Year-End Legislation Extends Key Provisions for Businesses, Provides 100 Percent Expensing for Certain Assets and Enacts New Foreign Procurement Excise Tax

Year-End Legislation Extends Key Provisions for Businesses, Provides 100 Percent Expensing for Certain Assets and Enacts New Foreign Procurement Excise Tax

By Robert A. Clary II, David G. Noren, James A. Riedy PC and Rachel E. Aaronson

As part of legislation enacted at the end of 2010, the U.S. Congress extended several beneficial tax provisions for businesses, including the research credit, active financing exception under Subpart F and look-through rule for payments between controlled foreign corporations.  In addition, the new legislation provides 100 percent expensing for certain assets purchased during the latter part of 2010 and during 2011 that are placed in service prior to January 1, 2012.  Finally, as part of legislation providing benefits to 9/11 relief workers, a new excise tax will be imposed on certain procurement payments received by non-U.S. persons under contracts with the U.S. government.

Overview

On December 17, 2010, President Obama signed H.R. 4853, the Tax Relief, Unemployment Insurance Reauthorization, and Job Creation Act of 2010 (the 2010 Tax Act), into law.  The 2010 Tax Act extends for two years all current individual income and capital gains tax rates, many of which had been set to expire (and thus to increase to prior-law levels) December 31, 2010.  In addition, the 2010 Tax Act extends certain expired business tax provisions, including the research credit, the active financing exception under Subpart F and the look-through rule for payments between controlled foreign corporations (CFCs).  Previous attempts to extend these expiring provisions languished in Congress.  The 2010 Tax Act generally extends the provisions retroactively to the beginning of 2010 and through 2011. 

Finally, the 2010 Tax Act extends 50 percent bonus depreciation under section 168(k) of the Internal Revenue Code (the Code) for certain business assets purchased prior to January 1, 2013, that are placed into service prior to that date (or by January 1, 2014, with respect to certain property).  Temporary bonus depreciation has been enacted as a stimulus measure several times in recent years.  However, the 2010 Tax Act creates an additional incentive by allowing for 100 percent expensing of certain business assets purchased after September 8, 2010, and before January 1, 2012, that are placed into service prior to January 1, 2012 (or by January 1, 2013, with respect to certain property).

On December 23, 2010, President Obama signed H.R. 847, the James Zadroga 9/11 Health and Compensation Act of 2010 (the 9/11 Act), into law.  In order to partially offset the costs associated with providing benefits to 9/11 relief workers, the 9/11 Act imposes an excise tax on certain procurement payments received by non-U.S. persons under contracts with the U.S. government.

Expired Provisions

Research Credit-Section 41

In order to encourage research activities, section 41 of the Code provides for a nonrefundable 20 percent credit for certain research expenses.  Prior to the enactment of the 2010 Tax Act, the research credit was not available for research expenses paid or incurred after December 31, 2009.  Section 731 of the 2010 Tax Act extends the availability of the credit for two years, allowing taxpayers a credit for research expenses paid or incurred on or before December 31, 2011.  The 2010 Tax Act does not otherwise alter a taxpayer's ability to qualify for the research credit under section 41.

The Active Financing Exception to Subpart F-Section 954(h)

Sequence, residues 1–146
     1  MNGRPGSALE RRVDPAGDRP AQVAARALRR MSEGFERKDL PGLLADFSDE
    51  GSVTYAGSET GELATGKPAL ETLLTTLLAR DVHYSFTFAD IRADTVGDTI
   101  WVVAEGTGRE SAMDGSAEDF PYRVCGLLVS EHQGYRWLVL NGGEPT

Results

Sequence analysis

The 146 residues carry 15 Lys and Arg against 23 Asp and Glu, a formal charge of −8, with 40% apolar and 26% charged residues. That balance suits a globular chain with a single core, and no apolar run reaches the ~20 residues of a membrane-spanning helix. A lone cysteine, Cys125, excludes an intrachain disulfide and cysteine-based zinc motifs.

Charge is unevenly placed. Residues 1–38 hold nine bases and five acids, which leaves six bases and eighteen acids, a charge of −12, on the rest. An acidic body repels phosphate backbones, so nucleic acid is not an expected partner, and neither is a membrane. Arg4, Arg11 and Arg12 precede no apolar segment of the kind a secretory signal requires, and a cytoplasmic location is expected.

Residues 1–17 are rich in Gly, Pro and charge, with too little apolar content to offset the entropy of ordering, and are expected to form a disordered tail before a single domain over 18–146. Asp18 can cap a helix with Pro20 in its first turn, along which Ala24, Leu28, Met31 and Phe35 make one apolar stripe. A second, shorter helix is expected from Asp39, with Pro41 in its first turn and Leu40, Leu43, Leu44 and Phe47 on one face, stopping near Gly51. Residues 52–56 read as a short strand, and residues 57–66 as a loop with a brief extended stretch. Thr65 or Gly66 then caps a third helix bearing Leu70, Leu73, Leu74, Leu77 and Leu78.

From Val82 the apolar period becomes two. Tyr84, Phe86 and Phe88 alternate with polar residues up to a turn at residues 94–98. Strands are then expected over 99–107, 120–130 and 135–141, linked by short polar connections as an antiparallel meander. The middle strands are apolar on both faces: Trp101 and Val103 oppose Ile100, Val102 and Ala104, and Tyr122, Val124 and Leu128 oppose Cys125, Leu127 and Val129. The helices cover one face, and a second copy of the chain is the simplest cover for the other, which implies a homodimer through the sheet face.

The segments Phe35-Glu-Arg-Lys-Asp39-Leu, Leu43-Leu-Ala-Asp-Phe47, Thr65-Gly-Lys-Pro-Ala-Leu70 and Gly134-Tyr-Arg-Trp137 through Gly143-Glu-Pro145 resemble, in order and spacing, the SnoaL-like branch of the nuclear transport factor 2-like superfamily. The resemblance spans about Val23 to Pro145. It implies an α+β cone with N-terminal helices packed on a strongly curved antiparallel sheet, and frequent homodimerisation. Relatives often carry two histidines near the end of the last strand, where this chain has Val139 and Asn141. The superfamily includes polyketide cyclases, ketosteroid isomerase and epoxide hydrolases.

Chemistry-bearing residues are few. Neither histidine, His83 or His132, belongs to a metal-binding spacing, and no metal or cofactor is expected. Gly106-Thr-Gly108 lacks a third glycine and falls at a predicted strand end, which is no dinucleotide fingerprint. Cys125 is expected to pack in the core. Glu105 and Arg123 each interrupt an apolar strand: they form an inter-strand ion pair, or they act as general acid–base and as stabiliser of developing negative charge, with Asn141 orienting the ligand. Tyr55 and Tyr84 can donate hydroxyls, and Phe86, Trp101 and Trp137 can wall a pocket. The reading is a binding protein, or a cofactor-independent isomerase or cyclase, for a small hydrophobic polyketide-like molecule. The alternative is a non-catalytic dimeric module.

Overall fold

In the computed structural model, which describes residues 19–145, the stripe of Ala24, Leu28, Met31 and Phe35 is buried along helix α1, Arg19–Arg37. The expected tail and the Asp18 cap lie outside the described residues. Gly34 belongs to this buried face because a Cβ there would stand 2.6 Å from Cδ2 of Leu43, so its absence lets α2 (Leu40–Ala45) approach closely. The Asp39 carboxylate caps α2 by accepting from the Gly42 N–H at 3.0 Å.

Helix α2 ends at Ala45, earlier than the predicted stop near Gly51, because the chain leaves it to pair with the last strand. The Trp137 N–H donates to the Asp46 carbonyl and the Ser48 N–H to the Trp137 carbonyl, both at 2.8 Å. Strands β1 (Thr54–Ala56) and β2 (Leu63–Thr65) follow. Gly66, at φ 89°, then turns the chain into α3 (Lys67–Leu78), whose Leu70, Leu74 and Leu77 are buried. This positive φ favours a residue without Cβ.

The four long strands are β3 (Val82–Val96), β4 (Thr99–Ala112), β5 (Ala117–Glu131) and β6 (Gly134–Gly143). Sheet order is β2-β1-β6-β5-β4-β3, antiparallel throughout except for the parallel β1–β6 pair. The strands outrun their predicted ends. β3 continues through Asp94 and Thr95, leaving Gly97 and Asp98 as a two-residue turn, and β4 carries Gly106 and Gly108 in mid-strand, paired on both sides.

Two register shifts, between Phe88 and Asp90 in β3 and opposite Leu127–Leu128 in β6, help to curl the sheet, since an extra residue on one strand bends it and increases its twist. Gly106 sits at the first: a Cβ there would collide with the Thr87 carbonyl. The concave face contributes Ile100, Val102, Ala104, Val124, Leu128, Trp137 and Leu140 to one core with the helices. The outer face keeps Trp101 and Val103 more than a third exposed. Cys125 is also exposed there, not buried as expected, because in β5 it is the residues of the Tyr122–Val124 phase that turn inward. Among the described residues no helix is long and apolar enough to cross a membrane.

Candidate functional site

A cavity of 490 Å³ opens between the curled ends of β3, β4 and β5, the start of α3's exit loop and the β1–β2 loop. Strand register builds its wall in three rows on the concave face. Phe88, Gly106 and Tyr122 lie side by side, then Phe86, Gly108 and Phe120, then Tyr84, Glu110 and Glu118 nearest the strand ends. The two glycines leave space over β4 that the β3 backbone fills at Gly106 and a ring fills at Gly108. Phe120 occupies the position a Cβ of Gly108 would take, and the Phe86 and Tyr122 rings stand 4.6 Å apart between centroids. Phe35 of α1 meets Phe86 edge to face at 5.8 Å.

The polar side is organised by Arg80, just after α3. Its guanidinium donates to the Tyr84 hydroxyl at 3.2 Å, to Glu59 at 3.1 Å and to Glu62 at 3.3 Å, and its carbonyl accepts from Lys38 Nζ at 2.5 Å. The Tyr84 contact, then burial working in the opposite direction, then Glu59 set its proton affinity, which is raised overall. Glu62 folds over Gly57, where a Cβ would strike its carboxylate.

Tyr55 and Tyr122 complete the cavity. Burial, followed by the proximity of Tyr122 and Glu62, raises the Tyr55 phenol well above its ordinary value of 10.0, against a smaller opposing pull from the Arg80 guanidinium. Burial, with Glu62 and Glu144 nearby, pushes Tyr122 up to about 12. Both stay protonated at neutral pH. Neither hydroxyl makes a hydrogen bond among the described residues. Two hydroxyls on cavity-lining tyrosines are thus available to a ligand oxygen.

Under the anti-deferral regime of Subpart F, U.S. shareholders of CFCs are required to immediately take into account passive income of the CFC.  Specifically, the foreign personal holding company income (FPHCI) rules of section 954 generally require a U.S. shareholder to immediately include in its income its proportionate share of dividends, interest, royalties, rents and annuities of a CFC in which the U.S. shareholder has a direct or indirect 10 percent or greater interest.  In addition, a U.S. shareholder is generally required to immediately include in its income its proportionate share of a CFC's foreign base company services income (FBC Services Income), which is income from services provided by a CFC that are performed outside of the CFC's country of organization for or on behalf of related parties. 

Section 954(h) of the Code provides an exception to the FPHCI and FBC Services Income rules for qualified banking or financing income of CFCs engaged in the active conduct of banking, finance or similar businesses.  Thus, for example, if a CFC is actively engaged in the business of lending, the interest derived by that CFC with respect to loans may be eligible for the active financing exception under section 954(h), such that the interest does not constitute FPHCI or FBC Services Income and is not subject to immediate taxation in the United States.

Prior to the enactment of the 2010 Tax Act, section 954(h) applied to tax years of the CFC beginning after December 31, 1998, and before January 1, 2010, and to tax years of U.S. shareholders with or within which any such taxable year of the CFC ended.  Section 750 of the 2010 Tax Act extends the active financing exception of section 954(h) for two years, through tax years beginning before January 1, 2012.

Look-Through Treatment for Payments Received by a CFC from Related Persons-Section 954(c)(6)

Like section 954(h), section 954(c)(6) provides an exception to the general FPHCI regime of Subpart F that requires a U.S. shareholder of a CFC to immediately take into account passive income of the CFC.  Specifically, section 954(c)(6) provides that certain payments (e.g., dividends, interest, rents and royalties) received by a CFC from related persons do not constitute FPHCI provided the payment is not allocable to income of the related persons which is Subpart F income or income effectively connected with the conduct of a trade or business within the United States. 

Prior to the enactment of the 2010 Tax Act, section 954(c)(6) applied to tax years of the CFC beginning after December 31, 2005, and before January 1, 2010, and to tax years of U.S. shareholders with or within which such tax years of the CFC ended.  Section 751 of the 2010 Tax Act extends the look-through rule of section 954(c)(6) for two years, through tax years beginning before January 1, 2012.